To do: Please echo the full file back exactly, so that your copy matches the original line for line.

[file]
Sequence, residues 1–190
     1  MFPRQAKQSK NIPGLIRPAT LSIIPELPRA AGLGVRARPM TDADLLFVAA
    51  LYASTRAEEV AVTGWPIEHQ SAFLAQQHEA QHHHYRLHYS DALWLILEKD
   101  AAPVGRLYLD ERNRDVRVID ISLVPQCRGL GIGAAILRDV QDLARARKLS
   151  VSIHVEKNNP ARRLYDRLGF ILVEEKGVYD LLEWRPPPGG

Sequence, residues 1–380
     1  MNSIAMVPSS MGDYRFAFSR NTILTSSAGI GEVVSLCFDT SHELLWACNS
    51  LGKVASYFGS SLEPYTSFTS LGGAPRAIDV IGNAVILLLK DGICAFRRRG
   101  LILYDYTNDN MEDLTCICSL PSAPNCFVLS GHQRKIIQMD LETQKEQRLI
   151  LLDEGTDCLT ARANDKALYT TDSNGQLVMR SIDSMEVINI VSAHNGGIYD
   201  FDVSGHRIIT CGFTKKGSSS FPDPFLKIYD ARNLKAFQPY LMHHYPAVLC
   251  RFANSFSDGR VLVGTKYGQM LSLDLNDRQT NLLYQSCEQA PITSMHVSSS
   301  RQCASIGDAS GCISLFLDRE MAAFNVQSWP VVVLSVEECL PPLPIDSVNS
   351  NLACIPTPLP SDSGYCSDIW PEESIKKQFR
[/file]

Sequence, residues 1–190
     1  MFPRQAKQSK NIPGLIRPAT LSIIPELPRA AGLGVRARPM TDADLLFVAA
    51  LYASTRAEEV AVTGWPIEHQ SAFLAQQHEA QHHHYRLHYS DALWLILEKD
   101  AAPVGRLYLD ERNRDVRVID ISLVPQCRGL GIGAAILRDV QDLARARKLS
   151  VSIHVEKNNP ARRLYDRLGF ILVEEKGVYD LLEWRPPPGG

Sequence, residues 1–380
     1  MNSIAMVPSS MGDYRFAFSR NTILTSSAGI GEVVSLCFDT SHELLWACNS
    51  LGKVASYFGS SLEPYTSFTS LGGAPRAIDV IGNAVILLLK DGICAFRRRG
   101  LILYDYTNDN MEDLTCICSL PSAPNCFVLS GHQRKIIQMD LETQKEQRLI
   151  LLDEGTDCLT ARANDKALYT TDSNGQLVMR SIDSMEVINI VSAHNGGIYD
   201  FDVSGHRIIT CGFTKKGSSS FPDPFLKIYD ARNLKAFQPY LMHHYPAVLC
   251  RFANSFSDGR VLVGTKYGQM LSLDLNDRQT NLLYQSCEQA PITSMHVSSS
   301  RQCASIGDAS GCISLFLDRE MAAFNVQSWP VVVLSVEECL PPLPIDSVNS
   351  NLACIPTPLP SDSGYCSDIW PEESIKKQFR